12 Most Sexist Bollywood Movies

It is said that films are a reflection of society. This sentence cannot be further from the truth in Bollywood with regards to the sexism that is showcased in Indian movies. Right from the portrayal of patriarchy, misogyny and objectification of male and female bodies through item songs, sexism is rampant in the industry even in today’s day and age. Back in the day, in the 50’s and 60’s, actresses were made to wear ass pads for obvious reasons. Then in the 80’s and the 90’s stalking, songs about touching and groping became the norm.

Today, this would pass off as totally unacceptable and just when we begin to think that sexism has taken a downturn, a new wave of cinema is shoved into our faces that showcase that sexism is still very much alive in Bollywood. Since it is impossible to list down all the movies because there are so many, the list fairly contemporary. Here is the list of most sexist Bollywood Movies. Also, though I am not big on banning movies because of their content but a few of these are so bad that they should never have been released.

12. Hum Aapke Hain Kaun (1994)

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As much as his previous project, Maine Pyaar Kiya (1989), Sooraj Barjatiya’s follow up to the romantic musical reeks of sexism. Hum Aapke Hain Kaun is a true example of what the society really thought of women even as recent as the 1990’s. The story is fairly stereotypical; Rajesh (Monish Bahl) and Pooja (Renuka Shahane) get married in the big fat Indian wedding way. In the meantime, their respective siblings, Prem (Salman Khan) and Nisha (Madhuri Dixit) fall in love. When Pooja dies in an unfortunate incident, the respective families decide that Nisha should marry Rajesh in order to take care of his new born child. Nisha’s absence of consent is taken as a ‘yes’ and Nisha becomes the typical sacrifice-for-all Indian girl. Nisha does end up marrying her love though, in a very apparently dramatic finale.

11. Akele Hum Akele Tum (1995)

Though a light hearted watch, one can’t help but notice the sexist approach this film takes as it portrays the struggles of two struggling singers in a big city. As such, the story follows Rohit (Aamir Khan) and Kiran (Manisha Koirala) who marry and then typically Kiran’s ambitions take a backseat with household chores and managing a kid. She is almost coerced into giving up her career and eventually she leaves Rohit to become a film star. The basic problem with the representation of the two sides is the POV of the two protagonists. Kiran’s struggles in the first half of the film are trivialized whereas Rohit’s struggles are given a more emotional touch to them which emphasizes the notion that a woman’s problems are lesser than those of a man’s.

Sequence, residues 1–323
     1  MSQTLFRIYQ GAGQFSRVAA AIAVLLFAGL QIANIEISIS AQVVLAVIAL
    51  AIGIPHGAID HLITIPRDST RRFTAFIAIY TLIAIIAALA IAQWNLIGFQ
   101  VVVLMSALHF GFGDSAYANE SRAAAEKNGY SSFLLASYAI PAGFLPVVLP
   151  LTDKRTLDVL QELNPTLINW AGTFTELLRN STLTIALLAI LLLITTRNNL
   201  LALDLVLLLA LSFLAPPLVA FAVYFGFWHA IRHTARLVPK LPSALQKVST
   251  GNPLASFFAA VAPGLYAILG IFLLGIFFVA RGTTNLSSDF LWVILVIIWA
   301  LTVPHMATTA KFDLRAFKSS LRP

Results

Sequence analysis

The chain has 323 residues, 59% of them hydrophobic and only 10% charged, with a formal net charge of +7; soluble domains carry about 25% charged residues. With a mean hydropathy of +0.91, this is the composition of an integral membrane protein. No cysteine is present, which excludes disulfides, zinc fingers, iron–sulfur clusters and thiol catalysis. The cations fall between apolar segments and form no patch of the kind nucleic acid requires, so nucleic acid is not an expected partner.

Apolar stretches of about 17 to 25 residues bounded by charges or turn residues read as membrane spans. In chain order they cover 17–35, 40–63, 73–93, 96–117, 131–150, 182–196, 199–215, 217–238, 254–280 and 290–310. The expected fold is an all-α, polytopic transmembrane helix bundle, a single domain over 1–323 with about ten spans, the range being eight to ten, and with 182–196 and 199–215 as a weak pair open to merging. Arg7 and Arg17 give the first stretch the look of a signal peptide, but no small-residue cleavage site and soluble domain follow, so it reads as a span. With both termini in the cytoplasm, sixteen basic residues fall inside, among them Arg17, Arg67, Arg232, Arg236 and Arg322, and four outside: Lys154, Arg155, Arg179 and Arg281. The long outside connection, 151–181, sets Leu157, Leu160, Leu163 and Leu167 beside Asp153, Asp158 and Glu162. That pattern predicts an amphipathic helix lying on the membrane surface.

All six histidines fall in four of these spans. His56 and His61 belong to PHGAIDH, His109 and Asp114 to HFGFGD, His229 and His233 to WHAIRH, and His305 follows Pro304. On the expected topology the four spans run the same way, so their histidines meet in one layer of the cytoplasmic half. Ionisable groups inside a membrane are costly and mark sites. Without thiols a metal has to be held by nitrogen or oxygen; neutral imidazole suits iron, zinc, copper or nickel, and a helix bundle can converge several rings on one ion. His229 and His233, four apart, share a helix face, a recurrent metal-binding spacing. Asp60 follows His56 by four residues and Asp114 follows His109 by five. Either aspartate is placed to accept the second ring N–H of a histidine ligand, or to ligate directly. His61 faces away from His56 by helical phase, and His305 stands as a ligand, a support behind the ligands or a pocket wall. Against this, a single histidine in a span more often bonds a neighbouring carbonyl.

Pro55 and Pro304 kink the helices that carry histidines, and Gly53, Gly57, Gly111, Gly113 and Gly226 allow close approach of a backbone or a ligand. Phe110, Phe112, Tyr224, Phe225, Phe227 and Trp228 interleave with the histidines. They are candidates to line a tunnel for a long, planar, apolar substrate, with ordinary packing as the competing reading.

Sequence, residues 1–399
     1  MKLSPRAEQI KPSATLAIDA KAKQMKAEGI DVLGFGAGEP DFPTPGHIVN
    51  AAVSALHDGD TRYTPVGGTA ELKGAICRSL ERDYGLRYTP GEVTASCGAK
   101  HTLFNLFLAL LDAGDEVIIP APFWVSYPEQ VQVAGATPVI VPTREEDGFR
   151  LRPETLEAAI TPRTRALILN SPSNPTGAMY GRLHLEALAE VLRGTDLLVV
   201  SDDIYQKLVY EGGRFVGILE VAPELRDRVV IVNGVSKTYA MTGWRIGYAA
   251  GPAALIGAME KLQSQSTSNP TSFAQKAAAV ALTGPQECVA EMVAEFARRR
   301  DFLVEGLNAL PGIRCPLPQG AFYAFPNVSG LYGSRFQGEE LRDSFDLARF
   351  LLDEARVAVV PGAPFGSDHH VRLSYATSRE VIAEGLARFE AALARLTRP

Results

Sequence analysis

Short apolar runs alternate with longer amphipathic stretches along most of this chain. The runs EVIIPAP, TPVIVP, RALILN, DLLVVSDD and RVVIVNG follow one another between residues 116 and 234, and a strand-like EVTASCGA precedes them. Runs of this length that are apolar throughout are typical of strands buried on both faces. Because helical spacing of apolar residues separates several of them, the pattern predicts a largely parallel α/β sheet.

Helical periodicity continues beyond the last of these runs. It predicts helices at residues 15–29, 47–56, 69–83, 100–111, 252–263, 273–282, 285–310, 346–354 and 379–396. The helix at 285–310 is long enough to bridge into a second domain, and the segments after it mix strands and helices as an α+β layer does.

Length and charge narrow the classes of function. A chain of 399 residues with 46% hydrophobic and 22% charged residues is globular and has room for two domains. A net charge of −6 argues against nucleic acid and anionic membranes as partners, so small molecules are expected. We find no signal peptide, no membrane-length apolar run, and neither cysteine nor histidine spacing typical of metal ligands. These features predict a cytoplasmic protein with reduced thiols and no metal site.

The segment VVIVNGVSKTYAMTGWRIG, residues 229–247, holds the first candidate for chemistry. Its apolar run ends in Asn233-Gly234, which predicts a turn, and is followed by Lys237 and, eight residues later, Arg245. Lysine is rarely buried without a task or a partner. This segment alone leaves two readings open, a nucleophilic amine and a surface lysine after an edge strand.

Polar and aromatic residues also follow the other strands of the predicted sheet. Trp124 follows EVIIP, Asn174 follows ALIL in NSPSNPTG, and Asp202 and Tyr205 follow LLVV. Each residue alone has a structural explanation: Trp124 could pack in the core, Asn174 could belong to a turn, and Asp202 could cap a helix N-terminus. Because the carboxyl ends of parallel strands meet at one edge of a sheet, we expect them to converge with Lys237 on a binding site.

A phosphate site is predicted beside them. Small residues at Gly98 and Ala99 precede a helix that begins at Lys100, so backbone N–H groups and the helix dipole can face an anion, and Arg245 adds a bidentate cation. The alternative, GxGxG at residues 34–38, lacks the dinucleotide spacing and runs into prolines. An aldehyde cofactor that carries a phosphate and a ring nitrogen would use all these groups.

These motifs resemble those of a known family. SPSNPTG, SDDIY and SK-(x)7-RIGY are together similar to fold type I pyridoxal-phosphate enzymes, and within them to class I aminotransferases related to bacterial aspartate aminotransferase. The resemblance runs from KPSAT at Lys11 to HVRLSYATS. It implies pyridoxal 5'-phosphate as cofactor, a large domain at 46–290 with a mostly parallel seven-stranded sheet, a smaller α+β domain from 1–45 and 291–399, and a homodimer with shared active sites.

10. Hum Saath Saath Hain (1999)

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This cringe fest of an excuse that passed as a blockbuster in 1999, won’t stand a chance in today’s new found feminist movement. Again, the story is straight forward but with too many characters and their romances inter twined. This is a movie where being a home maker is glorified to such a level that it is the sole responsibility of the women in the house. Flawed cultural norms were further perpetuated where women eat after the men, where the husband is the ultimate gift from God, where girls are expected to be coy around men they fancy because that is a sign of good virtue and culture, and also where the guy insists on taking the entire family (about 15 or so) for is honeymoon without ever consenting with his wife. There are too many instances where blatant traditional sexism is flaunted and the movie and is one of the worst of the lot.

9. Dilwale Dulhania Le Jaayenge (1995)

DDLJ is hailed as the best romantic Indian movie ever made. It is definitely true that DDLJ was a trendsetting film in terms of a ‘modern love story’. But when you look into the depths, one realizes that the film oozes sexism in every way and reminds us of the societal boundaries that an Indian woman is not supposed to cross. For the first half of the movie Raj Malhotra (Shahrukh Khan) harasses Simran (Kajol) to an annoying point but magically they fall in love. Simran’s husband has already been decided by her father. When Simran tries telling Raj that they should run away, Raj convinces her that unless her father practically hands her over to him (as if she is a trophy), he won’t accept her as his wife. In one of the scenes, Simran’s mother tries consoling her by telling her that an Indian woman does not have the right to choose anything in her life, least of all her own husband. Only an utter layman would say that the film is not sexist and patriarchal. Yet it is considered one of the greatest movies in India.

8. Dabaang (2010)

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Every Salman Khan movie released after Dabaang should probably be included in this list. This testosterone filled action flick was Salman’s comeback and though it is a solid entertainer (some may disagree), it has a degree of sexism and objectification which led to a whole new slapstick sexist genre. Salman’s character, Chulbul Paandey harasses the film’s leading lady (Sonakshi Sinha) and even coerces her father into giving his daughter’s hand to him by showing his clout. Dialogues like ‘pyaar se de rahe hai rakh lo, warna thappad maarke bhi de sakte hai’ is one such example of the underlying sexism in the film. What makes it worse is the item song (Munni) where Malaika Arora Khan is wearing practically no clothes and is dancing around drunk men who are salivating after her body. Though a catchy number, it does nothing to add any value to the movie and could have been avoided.